The Afghan army commander motioned the American lieutenant into his office. Lt. Col. Attaullah was 48, with gelled hair, blue-framed eyeglasses and the rigid bearing of a communist general. A Pashtun from Konduz and a veteran of Najibullah’s army in the 1980s, he wore his camouflage uniform buttoned tightly at the neck, displaying the gold braid on his collar to advantage. He shook the American officer’s hand and sent one of his soldiers to bring tea.
Lt. Aaron Anderson sank into a soft, brown armchair against the wall. A 36-year-old former Army Ranger from Missouri, Anderson had studied history and anthropology in college and now commanded a company of Georgia National Guard troops in Zormat, a heavily traveled valley in eastern Afghanistan where tribal allegiances have been fractured by years of war. Anderson had served in Iraq, and he knew that the fight in Afghanistan was largely political. “I don’t think the Taliban is a bad organization,” he’d told me the night before. “I just think they have bad methods.” But in the months he’d worked with Attaullah, Anderson had come to view the Afghan as a dubious partner. Attaullah had taken the coalition’s lessons about counterinsurgency almost too much to heart, Anderson thought, seeming to enjoy the fight for public opinion – and his own resulting status as a populist hero – more than the tough and sometimes unpopular work of improving security. A month earlier, when locals complained loudly about nighttime raids by Afghan and U.S. forces, Attaullah had become among the most forceful advocates for ending them.
Night raids, it turned out, were the very subject that Attaullah wanted to discuss with Anderson on this sunny February morning. In a few minutes, the Afghan commander’s office would fill with tribal elders for the second day of a landmark shura, the first time in years that leaders from each of the seven tribes in the district had gathered to talk about the area’s future. On the agenda was a detailed agreement that Attaullah and Anderson hoped the elders would ratify. It urged local leaders to start talks with low-level Taliban, required elders to turn in suspicious people and warned that anyone caught burying a bomb in the road would be killed on the spot. And it mandated that Afghan and coalition forces stop conducting aerial attacks in populated areas and nighttime raids, except in the direst emergencies.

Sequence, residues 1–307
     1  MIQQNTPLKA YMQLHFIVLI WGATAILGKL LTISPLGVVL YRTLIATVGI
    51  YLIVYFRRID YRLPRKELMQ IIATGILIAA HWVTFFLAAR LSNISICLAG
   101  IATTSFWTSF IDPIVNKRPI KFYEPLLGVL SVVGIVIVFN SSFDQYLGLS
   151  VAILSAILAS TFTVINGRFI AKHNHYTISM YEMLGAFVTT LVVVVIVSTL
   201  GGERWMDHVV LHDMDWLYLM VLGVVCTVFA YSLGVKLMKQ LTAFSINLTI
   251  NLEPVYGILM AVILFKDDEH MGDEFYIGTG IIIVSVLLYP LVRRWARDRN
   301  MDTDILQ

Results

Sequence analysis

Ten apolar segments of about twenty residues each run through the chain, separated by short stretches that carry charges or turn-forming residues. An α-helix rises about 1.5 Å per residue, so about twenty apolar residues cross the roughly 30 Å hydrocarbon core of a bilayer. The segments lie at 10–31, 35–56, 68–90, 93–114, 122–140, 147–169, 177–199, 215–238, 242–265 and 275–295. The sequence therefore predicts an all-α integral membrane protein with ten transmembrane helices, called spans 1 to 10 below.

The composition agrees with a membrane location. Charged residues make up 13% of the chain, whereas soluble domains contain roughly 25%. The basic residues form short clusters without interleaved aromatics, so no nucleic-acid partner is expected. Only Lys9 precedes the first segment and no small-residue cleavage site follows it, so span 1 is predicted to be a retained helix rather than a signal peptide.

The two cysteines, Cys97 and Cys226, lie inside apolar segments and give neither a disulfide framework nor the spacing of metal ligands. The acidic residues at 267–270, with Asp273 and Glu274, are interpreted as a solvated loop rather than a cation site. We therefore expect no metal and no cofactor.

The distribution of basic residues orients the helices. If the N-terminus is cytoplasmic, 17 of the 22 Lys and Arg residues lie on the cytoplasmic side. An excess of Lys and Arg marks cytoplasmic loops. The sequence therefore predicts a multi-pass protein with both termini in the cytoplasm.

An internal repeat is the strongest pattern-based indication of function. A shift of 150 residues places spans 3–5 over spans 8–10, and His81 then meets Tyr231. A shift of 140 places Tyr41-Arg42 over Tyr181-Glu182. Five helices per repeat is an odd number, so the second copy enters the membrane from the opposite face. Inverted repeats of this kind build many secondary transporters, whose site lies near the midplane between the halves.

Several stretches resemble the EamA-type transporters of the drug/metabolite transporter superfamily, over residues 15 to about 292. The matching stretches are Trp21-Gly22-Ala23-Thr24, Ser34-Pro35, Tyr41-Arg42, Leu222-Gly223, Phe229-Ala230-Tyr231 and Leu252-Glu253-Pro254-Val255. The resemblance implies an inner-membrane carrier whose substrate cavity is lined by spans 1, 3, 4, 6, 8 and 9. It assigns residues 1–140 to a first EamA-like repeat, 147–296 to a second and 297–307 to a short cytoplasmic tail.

Many Afghans, especially conservative Pashtuns, view night raids as a fearsome intrusion and an affront to their honor. The operations occur suddenly, without a court order or other support from the frail Afghan justice system, and generally entail thorough house searches. Coalition forces, meanwhile, like nothing better than to use their profound technological advantages after dark to surprise suspected insurgents in their beds. U.S. commanders argue that when night raids work, they can be more effective and less dangerous than daytime missions because fewer civilians are generally around to get caught in the crossfire. But when the wrong people get roughed up, rolled up, or killed, as sometimes happens, the raids become harder to defend. General Stanley McChrystal, the NATO commander in Afghanistan, issued new rules in January making it harder to conduct night operations and mandating Afghan participation when they do occur. But Attaullah wasn’t especially pleased with the behavior of the Afghan commandos who often executed the raids alongside Americans, and whom he suspected of stealing. Now he leaned toward Anderson and spoke with special emphasis.
“Missions should be according to law and not harm the people,” Attaullah said bluntly. “During the missions they did in the past year, we had a very bad experience, and we have very bad memories.”
The anthropologically-minded Anderson — who had told me that he’d relish the opportunity to talk to Mullah Omar and “pick his brain,” and who had such an appreciation for the sanctity of Iraqi culture that he felt a pang of regret when the statue of Saddam Hussein came down because, even though he didn’t like Saddam either, the statue was an important part of Iraq’s history — this same Lt. Anderson was about to encounter a force of great power in Afghanistan over which he had no control, and that was History itself. Anderson had been in Zormat only a few months. Seated in the room with him on this February day were two Human Terrain social scientists, part of an experimental Army project that embeds anthropologists, sociologists and other civilians with military units to help soldiers understand local culture. But what Anderson and the Human Terrain team members failed to fully grasp was that the war had been going on for a very long time in Zormat, and for most of it, there had been no such thing as a Human Terrain team and no sensitive, culturally aware lieutenants who appreciated what Mullah Omar might have to say.
U.S. and coalition forces had been operating in eastern Afghanistan for nearly eight years before the arrival of McChrystal and the dawning of the Age of Counterinsurgency, and during most of that period, the American mission had been simply to kill and capture members of the Taliban and Al Qaeda. It was here, in the Shah-i-Kot valley, that U.S. forces fought hundreds of militants during Operation Anaconda in 2002. It was here, too, that incurious American soldiers failed early on to realize what shrewd political analysts and fantastic storytellers the Afghans were, a failure that would ultimately cost them more in local support than all their tactical victories earned.